Integrating critical and feminist psychology, psychiatry, and psychoanalysis, this text offers a distinct perspective of posttraumatic stress disorder (PTSD) as a clinical and social phenomenon.
The book draws upon interviews carried out in field settings to examine the true individual and social costs of being diagnosed with PTSD. The author examines how social contexts and social movements shape diagnostic thinking about mental trauma and how the PTSD diagnosis emerged as a symptom of a crisis in psychiatry over demands to recognize the social and political origins of mental suffering. Chapters explore case examples from a range of settings, such as military and veterans’ affairs clinics, war zones and refugee camps, psychosomatic medicine, the criminal justice system, and more.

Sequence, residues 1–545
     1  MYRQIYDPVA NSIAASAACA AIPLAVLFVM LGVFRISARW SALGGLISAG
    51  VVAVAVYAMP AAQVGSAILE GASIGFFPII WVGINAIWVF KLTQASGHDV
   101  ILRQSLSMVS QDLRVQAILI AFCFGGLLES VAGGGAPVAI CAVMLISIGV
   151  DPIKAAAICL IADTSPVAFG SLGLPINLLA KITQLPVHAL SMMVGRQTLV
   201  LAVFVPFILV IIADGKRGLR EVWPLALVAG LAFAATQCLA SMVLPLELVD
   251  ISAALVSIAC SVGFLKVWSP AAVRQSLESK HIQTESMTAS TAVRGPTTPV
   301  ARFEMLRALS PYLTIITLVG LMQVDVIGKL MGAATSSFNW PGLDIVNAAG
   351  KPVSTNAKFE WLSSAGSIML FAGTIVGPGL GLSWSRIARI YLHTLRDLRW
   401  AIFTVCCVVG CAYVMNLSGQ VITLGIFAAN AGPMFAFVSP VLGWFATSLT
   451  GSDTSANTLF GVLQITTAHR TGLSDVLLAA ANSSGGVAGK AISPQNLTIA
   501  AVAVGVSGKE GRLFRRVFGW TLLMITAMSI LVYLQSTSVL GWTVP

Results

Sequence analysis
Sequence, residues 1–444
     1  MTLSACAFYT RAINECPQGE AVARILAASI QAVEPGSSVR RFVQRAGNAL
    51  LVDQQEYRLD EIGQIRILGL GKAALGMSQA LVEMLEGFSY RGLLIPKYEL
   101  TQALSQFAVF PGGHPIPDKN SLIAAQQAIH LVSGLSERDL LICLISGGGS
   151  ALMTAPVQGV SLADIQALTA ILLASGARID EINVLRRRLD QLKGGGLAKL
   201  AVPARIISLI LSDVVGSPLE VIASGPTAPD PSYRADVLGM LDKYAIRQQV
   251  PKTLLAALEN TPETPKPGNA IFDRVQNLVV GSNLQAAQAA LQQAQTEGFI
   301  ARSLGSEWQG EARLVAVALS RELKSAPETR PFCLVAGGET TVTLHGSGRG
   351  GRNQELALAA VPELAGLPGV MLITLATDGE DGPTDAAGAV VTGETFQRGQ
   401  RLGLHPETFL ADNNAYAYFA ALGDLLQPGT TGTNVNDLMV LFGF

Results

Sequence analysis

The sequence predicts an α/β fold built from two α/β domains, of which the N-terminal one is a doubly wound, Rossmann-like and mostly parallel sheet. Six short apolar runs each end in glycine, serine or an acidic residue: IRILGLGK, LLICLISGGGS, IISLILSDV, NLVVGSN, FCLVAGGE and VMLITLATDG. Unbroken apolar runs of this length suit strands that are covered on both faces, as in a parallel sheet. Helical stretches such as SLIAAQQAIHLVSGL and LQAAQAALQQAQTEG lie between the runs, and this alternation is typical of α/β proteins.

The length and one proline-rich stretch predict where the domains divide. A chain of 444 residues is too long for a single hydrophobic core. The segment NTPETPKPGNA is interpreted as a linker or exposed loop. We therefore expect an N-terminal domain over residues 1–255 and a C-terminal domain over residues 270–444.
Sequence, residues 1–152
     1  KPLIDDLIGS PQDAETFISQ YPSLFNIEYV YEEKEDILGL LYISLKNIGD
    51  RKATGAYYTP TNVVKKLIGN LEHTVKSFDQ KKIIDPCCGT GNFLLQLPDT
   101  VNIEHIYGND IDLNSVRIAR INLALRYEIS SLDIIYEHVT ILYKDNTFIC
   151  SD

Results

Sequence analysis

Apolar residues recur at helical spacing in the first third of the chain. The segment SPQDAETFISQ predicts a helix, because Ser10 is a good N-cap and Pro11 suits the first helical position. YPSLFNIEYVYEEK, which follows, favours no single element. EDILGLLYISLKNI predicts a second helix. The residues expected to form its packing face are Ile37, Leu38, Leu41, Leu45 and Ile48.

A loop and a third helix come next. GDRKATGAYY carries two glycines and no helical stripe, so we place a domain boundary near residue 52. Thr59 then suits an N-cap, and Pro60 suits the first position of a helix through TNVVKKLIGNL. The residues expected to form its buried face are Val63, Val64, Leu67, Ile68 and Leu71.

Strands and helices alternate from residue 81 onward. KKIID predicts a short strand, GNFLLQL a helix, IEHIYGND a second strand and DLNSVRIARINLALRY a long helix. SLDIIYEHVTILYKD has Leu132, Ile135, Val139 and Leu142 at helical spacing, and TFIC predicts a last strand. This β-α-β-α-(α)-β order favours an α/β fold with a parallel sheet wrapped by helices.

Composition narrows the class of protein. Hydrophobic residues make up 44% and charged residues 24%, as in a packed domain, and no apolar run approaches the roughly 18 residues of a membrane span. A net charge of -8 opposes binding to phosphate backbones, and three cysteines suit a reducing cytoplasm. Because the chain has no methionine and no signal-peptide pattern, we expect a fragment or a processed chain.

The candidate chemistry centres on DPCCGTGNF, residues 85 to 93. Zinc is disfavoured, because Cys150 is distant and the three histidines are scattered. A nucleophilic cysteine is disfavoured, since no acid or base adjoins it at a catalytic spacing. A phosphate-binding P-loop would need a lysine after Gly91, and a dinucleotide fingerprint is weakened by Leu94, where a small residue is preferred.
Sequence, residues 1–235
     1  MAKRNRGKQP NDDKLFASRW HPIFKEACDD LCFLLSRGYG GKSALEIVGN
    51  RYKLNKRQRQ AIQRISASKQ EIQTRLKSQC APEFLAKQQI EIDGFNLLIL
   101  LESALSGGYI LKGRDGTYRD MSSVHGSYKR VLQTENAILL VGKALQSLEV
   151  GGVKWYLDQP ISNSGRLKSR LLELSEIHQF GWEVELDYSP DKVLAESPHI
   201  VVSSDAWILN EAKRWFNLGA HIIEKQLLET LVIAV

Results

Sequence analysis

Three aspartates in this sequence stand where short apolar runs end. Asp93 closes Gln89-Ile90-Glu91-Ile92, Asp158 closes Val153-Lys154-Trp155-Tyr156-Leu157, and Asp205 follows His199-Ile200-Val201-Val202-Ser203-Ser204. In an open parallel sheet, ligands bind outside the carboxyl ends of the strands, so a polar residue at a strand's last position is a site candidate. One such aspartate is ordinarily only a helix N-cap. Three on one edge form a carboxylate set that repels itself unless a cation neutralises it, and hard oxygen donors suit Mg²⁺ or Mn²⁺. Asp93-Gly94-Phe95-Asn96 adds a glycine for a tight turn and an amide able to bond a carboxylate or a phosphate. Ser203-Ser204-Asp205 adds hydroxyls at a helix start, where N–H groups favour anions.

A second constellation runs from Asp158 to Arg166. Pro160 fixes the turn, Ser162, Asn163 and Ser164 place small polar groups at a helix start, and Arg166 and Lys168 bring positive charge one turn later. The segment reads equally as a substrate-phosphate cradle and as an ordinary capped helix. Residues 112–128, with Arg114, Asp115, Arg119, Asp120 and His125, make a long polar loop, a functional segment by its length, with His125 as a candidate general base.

Providing a new way of thinking about PTSD and an alternative to both critics and defenders of the diagnosis, this text will be useful for scholars and practitioners in psychiatry, psychology, psychoanalysis, public health policy as well as, sociology, social work, gender studies, and the law.